We chat for about an hour covering Lehning’s history, his process with several projects and some of his upcoming collaborative projects; including a fascinating piece with Jasmin Kaset that stems straight from the mind of Pee-Wee Herman.
The backing beat is borderline vaporwave but supports the vocal line from Jonesiii perfectly as it crosses between a crooning refrain and a smooth-yet-driving verse.
Do you know the Internationally Famous Twin Kegs bar? It’s a great dive on Thompson Lane that, occasionally, has some very bizarre karaoke. It also, apparently, has a very odd YouTube channel featuring a series of soap opera style commercials cast with various bar staff and a few familiar faces from around town – Dean […]
..in which we stumble upon a 2013 youtube series featuring Lindsay Jamieson hosting bands with a 48-hour song rework challenge.
The band describes them as “garage pop” which is fitting for a good majority of the tracks but undersells their diversity.
As with most of their songs, there’s a flippant Have A Good Time vibe to the whole thing but it’s not without it’s actual substance as the lyrics are a confessional piece about the difficulties of traversing high school sexuality.
In Episode Four, Vidalotry explores the 1968 televised debates between Gore Vidal and William F Buckley, Jr. Host Ryan Breegle looks at how Gore prepared his witty remarks in advance, the speed at which the debate became nothing more than a war of words, and how both men were greatly affected by the aftermath.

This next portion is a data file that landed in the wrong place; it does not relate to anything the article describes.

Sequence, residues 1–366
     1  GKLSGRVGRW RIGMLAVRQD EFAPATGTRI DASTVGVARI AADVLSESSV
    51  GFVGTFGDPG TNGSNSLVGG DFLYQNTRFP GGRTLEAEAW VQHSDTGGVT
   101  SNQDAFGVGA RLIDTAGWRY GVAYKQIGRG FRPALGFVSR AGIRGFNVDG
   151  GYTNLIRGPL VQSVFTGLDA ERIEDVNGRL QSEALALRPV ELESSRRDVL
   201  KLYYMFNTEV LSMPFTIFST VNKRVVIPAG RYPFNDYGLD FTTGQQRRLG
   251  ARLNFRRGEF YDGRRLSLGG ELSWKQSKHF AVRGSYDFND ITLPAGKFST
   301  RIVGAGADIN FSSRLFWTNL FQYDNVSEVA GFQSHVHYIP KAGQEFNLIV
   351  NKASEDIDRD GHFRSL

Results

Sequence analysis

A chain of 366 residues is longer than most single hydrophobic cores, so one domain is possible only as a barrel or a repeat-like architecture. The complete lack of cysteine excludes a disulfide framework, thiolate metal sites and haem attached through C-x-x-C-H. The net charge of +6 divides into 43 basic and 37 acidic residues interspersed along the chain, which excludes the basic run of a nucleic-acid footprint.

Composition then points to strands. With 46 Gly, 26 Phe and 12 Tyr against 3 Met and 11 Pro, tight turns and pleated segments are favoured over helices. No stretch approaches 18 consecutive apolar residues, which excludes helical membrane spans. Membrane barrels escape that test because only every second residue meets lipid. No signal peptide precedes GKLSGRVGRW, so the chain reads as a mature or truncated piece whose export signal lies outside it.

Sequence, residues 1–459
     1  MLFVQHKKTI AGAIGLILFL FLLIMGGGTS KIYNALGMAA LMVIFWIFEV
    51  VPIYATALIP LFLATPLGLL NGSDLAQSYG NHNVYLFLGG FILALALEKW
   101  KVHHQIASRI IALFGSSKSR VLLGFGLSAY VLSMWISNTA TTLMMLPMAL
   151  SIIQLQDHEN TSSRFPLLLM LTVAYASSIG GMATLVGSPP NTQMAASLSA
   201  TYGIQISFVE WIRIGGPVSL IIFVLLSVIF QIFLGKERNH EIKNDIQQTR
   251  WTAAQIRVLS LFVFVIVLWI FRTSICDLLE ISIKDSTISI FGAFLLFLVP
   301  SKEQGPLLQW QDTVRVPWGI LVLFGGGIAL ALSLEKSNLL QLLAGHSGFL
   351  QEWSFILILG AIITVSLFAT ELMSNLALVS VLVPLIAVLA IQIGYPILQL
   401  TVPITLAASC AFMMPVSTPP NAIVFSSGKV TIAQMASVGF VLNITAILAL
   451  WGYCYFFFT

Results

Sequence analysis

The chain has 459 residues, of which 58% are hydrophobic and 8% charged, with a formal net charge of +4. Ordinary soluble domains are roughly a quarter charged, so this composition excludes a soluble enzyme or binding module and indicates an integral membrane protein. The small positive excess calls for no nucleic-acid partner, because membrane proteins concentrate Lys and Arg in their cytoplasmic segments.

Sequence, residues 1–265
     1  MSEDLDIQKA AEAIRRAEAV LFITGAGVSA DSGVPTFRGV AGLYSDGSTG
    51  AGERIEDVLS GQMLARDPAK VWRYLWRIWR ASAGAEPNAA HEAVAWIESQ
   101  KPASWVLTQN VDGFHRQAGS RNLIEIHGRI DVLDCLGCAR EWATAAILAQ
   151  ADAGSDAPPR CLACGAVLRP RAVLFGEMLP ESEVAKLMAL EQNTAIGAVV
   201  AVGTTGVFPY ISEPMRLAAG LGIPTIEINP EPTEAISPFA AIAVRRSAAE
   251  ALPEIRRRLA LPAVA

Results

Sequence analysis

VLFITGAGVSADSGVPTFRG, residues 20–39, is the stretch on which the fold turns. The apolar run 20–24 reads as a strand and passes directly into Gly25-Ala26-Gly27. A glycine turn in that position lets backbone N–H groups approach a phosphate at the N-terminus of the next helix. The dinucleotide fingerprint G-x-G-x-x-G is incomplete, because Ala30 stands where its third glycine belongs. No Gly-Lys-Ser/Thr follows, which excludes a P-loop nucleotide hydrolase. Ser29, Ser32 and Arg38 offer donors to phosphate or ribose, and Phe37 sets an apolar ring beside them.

An extended theme song from Dave Paulson sets the tone for a whirlwind episode. Ashley and Jamie provide an exhaustive apology regarding the egregious faux paus of Elizabeth Woodville from Episode Six, celebrate the questionably gothic antics of President Abraham Lincoln, the unassailable Phil Lynott, the unpronouncable Domhnall Gleeson, the better-than-Ryan-Adams Mandy Moore, deliver a high priority Suits update and provide a deep dive into Ashley’s bathtime rituals. All that AND the bag gives insights into Jay Duplass, Nigella Lawson, Justin Bieber and David Letterman.
Aside from the fact that it’s instrumental, the production and instrumentation here veers heavily into an almost Muzak zone. It’s borderline corny but entrancing with its variety.
The production here is thick and murky with the songs embracing an almost transcendental state of immersion.
Like an acid trip veering off course, the vocals ripple with derangement, sounds swirl in and out and you’re pulled further down the rabbit hole.
I thought it was doots but it’s not. Regardless, some pleasantly soulful beats here ripe for usage in a longer form.